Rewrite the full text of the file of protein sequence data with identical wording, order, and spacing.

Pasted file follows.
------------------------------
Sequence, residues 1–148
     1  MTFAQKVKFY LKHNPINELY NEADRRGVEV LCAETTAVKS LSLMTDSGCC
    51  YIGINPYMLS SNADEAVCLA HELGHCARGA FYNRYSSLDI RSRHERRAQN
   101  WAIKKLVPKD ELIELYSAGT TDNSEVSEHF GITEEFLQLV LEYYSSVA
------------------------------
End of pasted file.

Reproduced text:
Sequence, residues 1–148
     1  MTFAQKVKFY LKHNPINELY NEADRRGVEV LCAETTAVKS LSLMTDSGCC
    51  YIGINPYMLS SNADEAVCLA HELGHCARGA FYNRYSSLDI RSRHERRAQN
   101  WAIKKLVPKD ELIELYSAGT TDNSEVSEHF GITEEFLQLV LEYYSSVA